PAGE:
find these notes on the bass guitar. a fifth root third b 3 2 5 3 C Major chord Middle finger on C: A string c d 8 7 1 10 8 3 7 5 3 Middle finger on C: E string Index finger on C: A string CONTINUED ON NEXT PAGE 123 . Now. Notice how these notes are related to the scales you played in the preceding chapter. Now take a look at an alternate fingering (c). check out this alternate fingering (d). (a) take the root—C—the third—E—and the fifth—G. just play these three notes (b). major chords often sound happier and more cheerful to the listener. They’re also the easiest chords to build because you just take the root. Take a look at one way to play the notes in the C Major scale. third. Playing with Chords chapter 8 Construct a Major Chord C MAJOR CHORD Start with the C Major scale (see page 114). With that in mind.Major Chords and Scales Just like the scales they come from. Instead of playing all the notes in the scale. To make a C Major chord. and fifth of the scales to build them.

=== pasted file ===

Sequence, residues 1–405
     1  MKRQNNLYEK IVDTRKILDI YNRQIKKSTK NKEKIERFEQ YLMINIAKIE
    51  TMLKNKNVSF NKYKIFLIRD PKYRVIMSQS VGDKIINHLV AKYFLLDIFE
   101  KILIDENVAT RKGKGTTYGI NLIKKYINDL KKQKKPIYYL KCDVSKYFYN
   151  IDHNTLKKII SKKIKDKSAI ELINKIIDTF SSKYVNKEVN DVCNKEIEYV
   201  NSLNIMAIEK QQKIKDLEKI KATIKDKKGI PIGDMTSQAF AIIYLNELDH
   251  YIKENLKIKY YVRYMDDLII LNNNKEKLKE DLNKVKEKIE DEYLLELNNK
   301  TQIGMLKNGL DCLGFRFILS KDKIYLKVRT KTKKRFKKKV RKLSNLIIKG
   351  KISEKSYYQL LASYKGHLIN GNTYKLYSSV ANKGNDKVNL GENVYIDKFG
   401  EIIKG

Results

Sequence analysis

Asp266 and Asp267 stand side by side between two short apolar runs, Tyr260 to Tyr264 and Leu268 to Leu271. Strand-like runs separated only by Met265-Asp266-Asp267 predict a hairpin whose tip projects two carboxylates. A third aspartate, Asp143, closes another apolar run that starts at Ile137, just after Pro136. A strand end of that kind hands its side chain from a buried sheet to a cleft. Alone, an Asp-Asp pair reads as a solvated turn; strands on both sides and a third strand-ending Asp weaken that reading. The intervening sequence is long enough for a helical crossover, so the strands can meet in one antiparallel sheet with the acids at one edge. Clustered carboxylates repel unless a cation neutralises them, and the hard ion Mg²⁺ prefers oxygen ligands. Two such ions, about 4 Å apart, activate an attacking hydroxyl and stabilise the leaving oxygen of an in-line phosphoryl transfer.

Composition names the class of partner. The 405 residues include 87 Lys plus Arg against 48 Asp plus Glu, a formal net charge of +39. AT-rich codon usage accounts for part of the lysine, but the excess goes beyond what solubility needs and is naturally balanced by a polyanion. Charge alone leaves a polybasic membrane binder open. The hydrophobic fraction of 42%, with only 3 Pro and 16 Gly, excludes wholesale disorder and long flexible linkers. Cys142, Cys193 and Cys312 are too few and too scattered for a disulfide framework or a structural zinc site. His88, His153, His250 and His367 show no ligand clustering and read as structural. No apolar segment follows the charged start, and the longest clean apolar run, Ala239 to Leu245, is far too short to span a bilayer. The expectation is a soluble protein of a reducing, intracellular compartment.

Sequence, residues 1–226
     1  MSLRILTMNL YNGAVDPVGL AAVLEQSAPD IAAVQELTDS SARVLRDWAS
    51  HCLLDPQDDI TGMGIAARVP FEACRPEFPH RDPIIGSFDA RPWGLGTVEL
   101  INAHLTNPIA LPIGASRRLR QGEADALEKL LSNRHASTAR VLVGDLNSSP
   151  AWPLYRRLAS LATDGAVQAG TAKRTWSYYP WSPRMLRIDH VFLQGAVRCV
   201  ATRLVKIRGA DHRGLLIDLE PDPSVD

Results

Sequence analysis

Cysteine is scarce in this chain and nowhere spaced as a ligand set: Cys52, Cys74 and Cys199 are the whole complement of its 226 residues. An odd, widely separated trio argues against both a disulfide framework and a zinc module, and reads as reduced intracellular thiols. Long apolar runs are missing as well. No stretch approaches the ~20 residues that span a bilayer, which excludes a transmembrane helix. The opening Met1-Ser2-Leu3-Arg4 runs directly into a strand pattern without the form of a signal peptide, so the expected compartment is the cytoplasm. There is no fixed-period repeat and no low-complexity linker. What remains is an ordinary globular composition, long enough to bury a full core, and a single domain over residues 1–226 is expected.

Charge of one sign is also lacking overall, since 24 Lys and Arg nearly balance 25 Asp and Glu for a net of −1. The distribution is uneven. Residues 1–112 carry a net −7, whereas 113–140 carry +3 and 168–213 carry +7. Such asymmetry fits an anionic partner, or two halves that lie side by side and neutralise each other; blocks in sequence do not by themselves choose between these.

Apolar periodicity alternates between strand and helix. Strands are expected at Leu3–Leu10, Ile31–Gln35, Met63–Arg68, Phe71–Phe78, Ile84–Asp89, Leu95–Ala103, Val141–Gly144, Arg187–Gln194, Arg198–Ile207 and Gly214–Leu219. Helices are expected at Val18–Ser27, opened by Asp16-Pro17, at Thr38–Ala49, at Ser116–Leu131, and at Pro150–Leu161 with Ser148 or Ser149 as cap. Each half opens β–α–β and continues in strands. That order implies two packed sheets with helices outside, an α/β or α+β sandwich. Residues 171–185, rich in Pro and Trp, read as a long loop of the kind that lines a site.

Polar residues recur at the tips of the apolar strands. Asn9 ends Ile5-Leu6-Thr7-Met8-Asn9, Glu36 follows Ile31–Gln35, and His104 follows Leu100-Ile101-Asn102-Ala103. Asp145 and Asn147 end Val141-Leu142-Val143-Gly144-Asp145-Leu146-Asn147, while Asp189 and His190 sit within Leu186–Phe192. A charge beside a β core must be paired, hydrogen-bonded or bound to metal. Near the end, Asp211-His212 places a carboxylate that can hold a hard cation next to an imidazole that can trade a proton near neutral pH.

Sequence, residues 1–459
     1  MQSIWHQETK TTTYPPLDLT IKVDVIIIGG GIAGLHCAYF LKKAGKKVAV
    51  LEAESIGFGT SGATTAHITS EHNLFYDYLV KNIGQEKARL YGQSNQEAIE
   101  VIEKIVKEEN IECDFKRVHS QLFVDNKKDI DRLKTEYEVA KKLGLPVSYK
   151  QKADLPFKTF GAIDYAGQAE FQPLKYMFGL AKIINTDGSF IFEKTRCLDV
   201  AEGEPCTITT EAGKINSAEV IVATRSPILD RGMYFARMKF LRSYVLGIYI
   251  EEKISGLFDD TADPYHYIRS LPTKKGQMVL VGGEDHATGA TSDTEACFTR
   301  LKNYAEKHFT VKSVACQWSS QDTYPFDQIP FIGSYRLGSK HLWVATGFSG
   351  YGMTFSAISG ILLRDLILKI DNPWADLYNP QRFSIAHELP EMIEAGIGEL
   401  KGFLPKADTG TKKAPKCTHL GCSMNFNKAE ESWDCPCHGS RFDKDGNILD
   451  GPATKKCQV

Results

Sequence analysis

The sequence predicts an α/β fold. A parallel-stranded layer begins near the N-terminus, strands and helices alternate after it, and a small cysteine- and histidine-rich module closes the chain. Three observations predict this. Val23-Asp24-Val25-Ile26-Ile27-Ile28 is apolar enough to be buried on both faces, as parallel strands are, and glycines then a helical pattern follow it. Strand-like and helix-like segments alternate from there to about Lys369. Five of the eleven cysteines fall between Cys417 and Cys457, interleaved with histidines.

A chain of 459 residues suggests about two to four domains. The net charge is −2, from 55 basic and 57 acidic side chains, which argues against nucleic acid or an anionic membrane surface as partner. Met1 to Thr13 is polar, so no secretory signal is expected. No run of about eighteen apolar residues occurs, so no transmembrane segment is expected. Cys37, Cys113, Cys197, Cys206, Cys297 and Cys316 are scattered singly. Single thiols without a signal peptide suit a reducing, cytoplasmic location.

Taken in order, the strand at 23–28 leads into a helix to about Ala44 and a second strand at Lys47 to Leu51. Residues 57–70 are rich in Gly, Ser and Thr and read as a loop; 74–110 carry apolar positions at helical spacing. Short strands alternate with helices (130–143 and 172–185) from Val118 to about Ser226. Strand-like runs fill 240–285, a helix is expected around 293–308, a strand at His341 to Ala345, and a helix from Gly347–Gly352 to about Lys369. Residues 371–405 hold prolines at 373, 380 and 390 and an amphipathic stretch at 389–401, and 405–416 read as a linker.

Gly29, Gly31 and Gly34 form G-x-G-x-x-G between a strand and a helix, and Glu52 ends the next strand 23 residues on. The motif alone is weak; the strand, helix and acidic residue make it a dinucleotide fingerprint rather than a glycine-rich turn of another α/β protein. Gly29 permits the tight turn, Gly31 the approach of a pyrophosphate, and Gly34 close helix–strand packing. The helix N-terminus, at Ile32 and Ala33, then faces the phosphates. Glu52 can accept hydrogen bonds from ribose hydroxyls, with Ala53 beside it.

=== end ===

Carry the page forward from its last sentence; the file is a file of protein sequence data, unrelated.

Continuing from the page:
the chord notes are G. B. You can figure out the G Major chord fingerings from the scale work you did in Chapter 7 as well. and D. 3 2 5 3 G Major chord Middle finger on lower G: E string 10 9 12 1 10 T A B 3 7 5 3 Middle finger on G: A string (10th fret) Index finger on lower G: E string 124 .Major Chords and Scales (continued) G MAJOR CHORD In the G Major scale.

such as the F Major scale. 1 0 3 1 F Major chord Middle finger on lower F: E string 3 2 5 3 1 5 3 1 Middle finger on F: D string Index finger on lower F: E string Now. the chord notes are F. and then look at the scales with flats in them. take the root. and C. and fifth notes from this scale in different fingerings and play the F Major chord from there. take a look at the other major scales and a sample fingering for their major chords. chapter 8 Just like the other scales.Playing with Chords F MAJOR CHORD In the F Major scale. such as the G Major scale. Start with the major scales that have sharps in them. third. A. CONTINUED ON NEXT PAGE 125 .

Again.Major Chords and Scales (continued) The Sharp Major Scales and Chords Notice how the number of sharp symbols next to the bass clef in each of these examples increases as these scales go on. the sharps near the clef indicate which notes will be played sharp (or one fret higher) throughout the piece of music. 5 7 4 5 7 4 6 7 5 4 7 5 D Major scale D Major chord fingering 5 7 4 5 7 4 6 7 5 4 7 5 A Major scale A Major chord fingering 0 2 4 0 2 4 1 2 0 4 2 0 E Major scale E Major chord fingering 126 .